Friday, September 18, 2015

Who's on First?

I seem to be reading lots of books written in first person this week. Each tells of a time, place, or way of life that I don't know. But how the author tells the reader what's going on is different in each. I read somewhere that there are different kinds of first-person writing, so I'll see if I can figure it out as I work through these reviews. Find yourself a coffee, and enjoy.

The The Jamie Quinn Mysteries by Barbara Venkataraman are narrated by the eponymous Jamie Quinn. She's a family lawyer, and I know nothing about family law. Jamie offers details to the reader in an enthusiastically natural voice, like a friend sitting over coffee. There are three books in the set (and a fourth coming out soon). And I like the way the "telling" is so personal - first person enthusiastic perhaps?

Jamie could tell me tons about autism in "Death by Didgeridoo" but instead she tells a little - it's not something the character, Jamie, is passionate about. But about how adoptions are so much more fun that divorce? In The Case of the Killer Divorce, the telling is part of creating the character. And in Peril in the Park,  I learned lots about parks and recreation - why? Because Jamie's passionate about someone who's working in that field.

Enjoy Jamie's passions and solve mysteries while drinking some well-balanced, full-flavored three-star coffee. Meanwhile, can you think of a better name than first-person enthusiastic? First-person involved maybe?

Dobyn's Chronicles, by Shirley MacLain, is also told through first-person narration. The setting is Oklahoma in the late 1800s and early 1900s. The world is changing, and the character - a trustworthy and hard-working young man, orphaned when Yellow Fever takes his parents - changes gently with age, Some of America's history is seen through the character's eyes, and I love his surprise at, for example. his first encounter with indoor plumbing. Maybe I'll call this first-person memoirish (since it's not technically a memoir). Other parts of history are revealed instead through long-winded dialog which slows the story down--but life was slower back then. Meanwhile more details are revealed through occasional slips into other characters' eyes--characters who might have told their tale later. All in all, it's a fascinating book. Enjoy with some dark five-star coffee, since the world was unforgiving and death a close companion of those who lived in it.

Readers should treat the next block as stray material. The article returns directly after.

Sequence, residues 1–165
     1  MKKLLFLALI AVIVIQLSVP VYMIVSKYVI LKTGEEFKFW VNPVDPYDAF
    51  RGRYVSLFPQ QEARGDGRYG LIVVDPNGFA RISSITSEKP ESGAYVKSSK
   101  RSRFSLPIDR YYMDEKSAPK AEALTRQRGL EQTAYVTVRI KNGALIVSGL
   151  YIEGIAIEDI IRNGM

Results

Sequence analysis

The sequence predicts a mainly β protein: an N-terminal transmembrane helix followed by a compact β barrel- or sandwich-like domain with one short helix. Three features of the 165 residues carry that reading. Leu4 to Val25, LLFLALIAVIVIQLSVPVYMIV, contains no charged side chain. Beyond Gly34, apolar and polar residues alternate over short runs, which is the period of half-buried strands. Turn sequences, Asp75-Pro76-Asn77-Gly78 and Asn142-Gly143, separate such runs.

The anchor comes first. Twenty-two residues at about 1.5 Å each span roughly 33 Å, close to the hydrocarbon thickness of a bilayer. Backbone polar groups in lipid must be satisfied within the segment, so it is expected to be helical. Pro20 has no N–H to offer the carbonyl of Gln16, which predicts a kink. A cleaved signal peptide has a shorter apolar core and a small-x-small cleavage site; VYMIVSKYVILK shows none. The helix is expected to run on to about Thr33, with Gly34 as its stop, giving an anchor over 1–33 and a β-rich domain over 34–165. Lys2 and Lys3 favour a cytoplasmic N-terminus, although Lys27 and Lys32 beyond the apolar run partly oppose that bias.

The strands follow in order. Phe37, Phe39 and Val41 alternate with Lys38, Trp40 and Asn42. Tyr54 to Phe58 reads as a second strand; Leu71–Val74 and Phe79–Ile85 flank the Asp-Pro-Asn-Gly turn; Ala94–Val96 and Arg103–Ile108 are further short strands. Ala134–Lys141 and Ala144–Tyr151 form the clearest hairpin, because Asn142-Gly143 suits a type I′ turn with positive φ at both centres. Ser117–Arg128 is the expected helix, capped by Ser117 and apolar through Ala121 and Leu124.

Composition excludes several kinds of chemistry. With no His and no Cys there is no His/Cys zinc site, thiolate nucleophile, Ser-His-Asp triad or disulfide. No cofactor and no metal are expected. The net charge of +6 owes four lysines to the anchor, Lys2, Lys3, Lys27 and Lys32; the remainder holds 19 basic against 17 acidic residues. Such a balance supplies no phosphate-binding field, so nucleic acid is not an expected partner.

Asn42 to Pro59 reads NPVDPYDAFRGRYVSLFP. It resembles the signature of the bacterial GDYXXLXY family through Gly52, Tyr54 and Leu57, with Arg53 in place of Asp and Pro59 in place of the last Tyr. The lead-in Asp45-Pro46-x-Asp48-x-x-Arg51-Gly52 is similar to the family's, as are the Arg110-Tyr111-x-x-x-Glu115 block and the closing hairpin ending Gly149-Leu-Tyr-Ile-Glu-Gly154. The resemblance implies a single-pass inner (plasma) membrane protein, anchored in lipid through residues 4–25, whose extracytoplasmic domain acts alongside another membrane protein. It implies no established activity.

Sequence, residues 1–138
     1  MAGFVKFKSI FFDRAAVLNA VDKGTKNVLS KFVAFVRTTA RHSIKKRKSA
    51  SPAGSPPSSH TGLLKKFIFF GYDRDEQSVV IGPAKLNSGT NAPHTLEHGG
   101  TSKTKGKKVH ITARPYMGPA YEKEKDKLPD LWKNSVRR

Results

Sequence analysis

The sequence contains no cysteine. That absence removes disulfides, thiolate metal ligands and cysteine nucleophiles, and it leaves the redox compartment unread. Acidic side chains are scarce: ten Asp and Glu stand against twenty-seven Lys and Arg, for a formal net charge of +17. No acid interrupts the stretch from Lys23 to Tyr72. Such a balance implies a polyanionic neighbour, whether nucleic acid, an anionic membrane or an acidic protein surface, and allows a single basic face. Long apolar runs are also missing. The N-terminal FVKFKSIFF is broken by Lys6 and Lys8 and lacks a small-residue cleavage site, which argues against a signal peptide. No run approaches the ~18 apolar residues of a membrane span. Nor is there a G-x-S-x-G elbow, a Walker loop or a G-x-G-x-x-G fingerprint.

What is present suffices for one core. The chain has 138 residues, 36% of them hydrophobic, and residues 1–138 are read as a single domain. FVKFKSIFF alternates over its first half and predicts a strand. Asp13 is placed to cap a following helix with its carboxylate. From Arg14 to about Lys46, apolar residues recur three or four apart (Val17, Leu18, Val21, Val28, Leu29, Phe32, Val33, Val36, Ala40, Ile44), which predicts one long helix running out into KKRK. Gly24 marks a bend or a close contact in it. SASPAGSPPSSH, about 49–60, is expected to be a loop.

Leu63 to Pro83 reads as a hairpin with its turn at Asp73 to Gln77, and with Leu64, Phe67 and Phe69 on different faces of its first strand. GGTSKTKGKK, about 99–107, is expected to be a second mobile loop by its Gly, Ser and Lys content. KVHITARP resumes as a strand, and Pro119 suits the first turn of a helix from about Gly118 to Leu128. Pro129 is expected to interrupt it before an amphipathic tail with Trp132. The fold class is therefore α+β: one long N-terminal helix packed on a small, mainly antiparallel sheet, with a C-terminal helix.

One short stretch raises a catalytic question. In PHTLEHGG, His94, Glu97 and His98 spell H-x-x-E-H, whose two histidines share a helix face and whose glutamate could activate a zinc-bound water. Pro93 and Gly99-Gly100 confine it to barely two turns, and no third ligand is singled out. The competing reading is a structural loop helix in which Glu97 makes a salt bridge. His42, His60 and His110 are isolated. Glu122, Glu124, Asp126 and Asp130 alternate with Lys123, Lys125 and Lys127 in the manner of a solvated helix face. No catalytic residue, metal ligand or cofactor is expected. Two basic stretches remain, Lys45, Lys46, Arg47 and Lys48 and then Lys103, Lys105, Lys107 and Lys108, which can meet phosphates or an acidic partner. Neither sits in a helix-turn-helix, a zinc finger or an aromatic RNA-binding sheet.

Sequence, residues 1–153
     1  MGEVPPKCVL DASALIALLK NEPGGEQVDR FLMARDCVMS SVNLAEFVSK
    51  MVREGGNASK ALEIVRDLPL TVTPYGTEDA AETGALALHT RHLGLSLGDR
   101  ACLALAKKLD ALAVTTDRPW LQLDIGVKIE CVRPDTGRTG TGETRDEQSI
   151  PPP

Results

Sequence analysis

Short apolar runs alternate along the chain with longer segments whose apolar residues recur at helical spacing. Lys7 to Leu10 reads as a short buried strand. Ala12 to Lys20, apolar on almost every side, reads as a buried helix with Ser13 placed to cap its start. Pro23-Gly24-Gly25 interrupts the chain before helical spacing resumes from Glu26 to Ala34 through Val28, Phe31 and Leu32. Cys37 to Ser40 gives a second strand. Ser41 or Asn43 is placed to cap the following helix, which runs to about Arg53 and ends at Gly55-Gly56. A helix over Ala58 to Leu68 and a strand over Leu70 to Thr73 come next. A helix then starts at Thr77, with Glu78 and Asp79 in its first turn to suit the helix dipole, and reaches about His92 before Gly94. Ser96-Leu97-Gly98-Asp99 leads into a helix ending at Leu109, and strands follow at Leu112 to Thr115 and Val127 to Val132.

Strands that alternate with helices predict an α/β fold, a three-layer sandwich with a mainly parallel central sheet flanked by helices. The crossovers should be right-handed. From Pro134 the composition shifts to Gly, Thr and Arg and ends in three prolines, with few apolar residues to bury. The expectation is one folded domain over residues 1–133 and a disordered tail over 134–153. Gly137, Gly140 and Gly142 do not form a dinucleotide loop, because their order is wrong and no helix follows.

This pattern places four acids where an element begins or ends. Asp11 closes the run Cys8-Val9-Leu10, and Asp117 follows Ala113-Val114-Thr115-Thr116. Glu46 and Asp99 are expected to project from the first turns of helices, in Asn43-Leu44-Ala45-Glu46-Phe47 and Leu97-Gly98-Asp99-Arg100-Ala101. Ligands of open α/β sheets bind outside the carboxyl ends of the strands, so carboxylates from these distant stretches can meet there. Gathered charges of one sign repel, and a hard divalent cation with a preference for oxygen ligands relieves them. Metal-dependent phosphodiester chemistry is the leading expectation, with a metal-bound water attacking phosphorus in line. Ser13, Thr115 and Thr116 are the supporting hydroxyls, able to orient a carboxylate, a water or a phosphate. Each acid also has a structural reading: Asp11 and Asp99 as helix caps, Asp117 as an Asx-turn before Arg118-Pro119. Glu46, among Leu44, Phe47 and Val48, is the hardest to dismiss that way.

Until We’re Strangers again by Sean Gorman is a tale of a young man growing up in the world of wrestling. Okay, I know nothing about wrestling, but the author manages to convey information with casual asides from the first-person narration, and interesting musings on his passions. It's a long book, with many dark scenes. Stage violence and imaginary personae leave the real world to be turned into a playground of failed relationships, sex, drink and drugs. Drink some seriously dark five-star coffee with this one. And the first-person style? Definitely memoir.

Finally Dene Hellman's The Ninety-Ninth Reunion tells a story through several different first-person narrators, each flowing naturally from the telling of the last. This time the author's pulling you into the story, rather than asking you to sit and listen. The narrators are following through events whose conclusion they can't know, and neither can you. Maybe I'd call it first-person deep, to match with third-person deep narration. Deeply involved in the characters, you share their hopes and fears, and a certain sense of dread without ever knowing what's going to come. A wonderfully evocative novel, a romance where land and siblings and the recent past are all important characters, and a tale that defies expectations, this is one to enjoy with some rich, elegant, complex four-star coffee. Highly recommended.

Of course, I'm still reading first person novels - Gary Gibson's Extinction Game this weekend (just for me, but I might post a review). There really are a lot of them around, and my beloved, soon-to-be-released Infinite Sum will be a first-person tale too; first-person deep, by my flawed definitions!



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